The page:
“One of the myths I want to dispel about omicron is ‘I might as well not get my vaccine because it’s not going to work.’ That does not appear to be the case at all,” Seminole County Medical Director Dr. Todd Husty said on Monday.

He said more research needs to be done to learn its potential impact, but he said one thing is clear, it can likely cause major illness in people and that’s why it’s so important to get vaccinated.

British airline easyJet said Tuesday that it is already seeing some impact on demand from the new omicron variant of the coronavirus in the days since it was first identified.

The airline, which also revealed another full-year loss in excess of 1 billion pounds ($1.34 billion), said it has seen signs that demand is softening but that it is “too soon to say” what impact the new variant will have on the industry.

It said there are signs that winter bookings have started to weaken and some travelers are delaying trips to early next year, with city destinations particularly affected.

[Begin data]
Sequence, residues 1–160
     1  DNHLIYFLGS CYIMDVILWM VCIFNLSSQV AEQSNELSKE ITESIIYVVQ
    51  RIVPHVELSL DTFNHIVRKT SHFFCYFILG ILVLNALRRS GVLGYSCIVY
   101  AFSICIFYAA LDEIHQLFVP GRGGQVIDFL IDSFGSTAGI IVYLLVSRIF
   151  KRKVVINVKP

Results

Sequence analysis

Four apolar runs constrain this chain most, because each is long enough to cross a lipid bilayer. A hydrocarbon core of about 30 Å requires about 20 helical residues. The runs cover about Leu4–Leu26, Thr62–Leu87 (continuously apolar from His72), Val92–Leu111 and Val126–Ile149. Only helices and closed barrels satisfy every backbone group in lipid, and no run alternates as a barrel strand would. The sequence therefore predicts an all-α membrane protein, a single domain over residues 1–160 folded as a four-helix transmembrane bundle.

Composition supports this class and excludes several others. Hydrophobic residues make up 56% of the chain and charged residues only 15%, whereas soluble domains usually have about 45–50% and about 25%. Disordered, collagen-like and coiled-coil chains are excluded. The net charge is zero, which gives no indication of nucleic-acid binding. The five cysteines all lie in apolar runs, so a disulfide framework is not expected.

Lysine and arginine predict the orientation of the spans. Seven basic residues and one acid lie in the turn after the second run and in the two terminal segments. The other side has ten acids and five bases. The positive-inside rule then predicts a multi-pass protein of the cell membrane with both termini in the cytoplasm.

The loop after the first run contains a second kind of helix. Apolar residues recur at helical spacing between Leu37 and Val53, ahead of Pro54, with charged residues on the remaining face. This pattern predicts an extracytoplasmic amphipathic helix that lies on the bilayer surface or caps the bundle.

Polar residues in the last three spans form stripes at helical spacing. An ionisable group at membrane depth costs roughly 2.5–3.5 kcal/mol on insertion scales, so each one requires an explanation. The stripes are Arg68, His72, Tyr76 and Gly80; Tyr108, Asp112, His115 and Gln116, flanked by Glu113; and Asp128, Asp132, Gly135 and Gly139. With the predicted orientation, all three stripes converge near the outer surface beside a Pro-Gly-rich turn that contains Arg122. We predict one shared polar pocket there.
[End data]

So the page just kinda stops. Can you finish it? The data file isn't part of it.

Below is a breakdown of Florida COVID-19 data reported by the state on Nov. 30.


The Florida Department of Health reported 9,663 new cases on Tuesday that occurred between Nov. 19 and Nov. 25, bringing the state’s overall total to 3,686,860 cases since the virus was first detected on March 1, 2020. That is an average of 1,380 new infections reported per day.

Even though the Florida DOH released numbers once a week, the state is still reporting daily infections to the CDC. Below is the CDC daily number, which is 24 hours behind.


Florida reported 44 new virus-related deaths Friday from the past week but the cumulative death toll of 61,548 actually shows there have been 467 new deaths added to the state total. The state has not provided any information as to when these deaths occurred.

The state stopped reporting the number of non-residents who died in Florida with its new weekly reporting method.


The state Agency for Health Care Administration deleted its current COVID-19 hospitalization database and the state is no longer reporting how many patients have been hospitalized with the virus. However, Florida is still required to report that information to the Centers for Disease Control and Prevention and the CDC continues to release that information online. The most recent hospital numbers show 993 adult and 16 pediatric patients in Florida.